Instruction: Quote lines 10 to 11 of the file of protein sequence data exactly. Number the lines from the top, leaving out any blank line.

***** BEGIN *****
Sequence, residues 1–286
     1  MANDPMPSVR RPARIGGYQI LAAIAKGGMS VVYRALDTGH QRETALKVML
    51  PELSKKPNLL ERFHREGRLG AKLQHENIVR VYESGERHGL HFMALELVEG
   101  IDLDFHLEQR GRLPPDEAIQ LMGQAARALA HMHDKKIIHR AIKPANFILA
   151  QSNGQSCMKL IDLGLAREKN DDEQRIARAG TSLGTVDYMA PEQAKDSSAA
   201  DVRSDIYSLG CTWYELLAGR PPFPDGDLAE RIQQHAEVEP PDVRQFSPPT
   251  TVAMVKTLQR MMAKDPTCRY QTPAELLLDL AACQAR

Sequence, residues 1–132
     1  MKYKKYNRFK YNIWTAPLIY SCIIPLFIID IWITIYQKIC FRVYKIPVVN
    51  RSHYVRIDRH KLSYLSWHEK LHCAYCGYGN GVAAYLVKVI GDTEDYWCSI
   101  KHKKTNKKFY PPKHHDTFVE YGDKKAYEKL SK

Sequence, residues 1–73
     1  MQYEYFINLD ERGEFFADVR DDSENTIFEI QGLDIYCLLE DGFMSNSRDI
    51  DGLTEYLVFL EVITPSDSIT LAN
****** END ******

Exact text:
    51  RSHYVRIDRH KLSYLSWHEK LHCAYCGYGN GVAAYLVKVI GDTEDYWCSI
   101  KHKKTNKKFY PPKHHDTFVE YGDKKAYEKL SK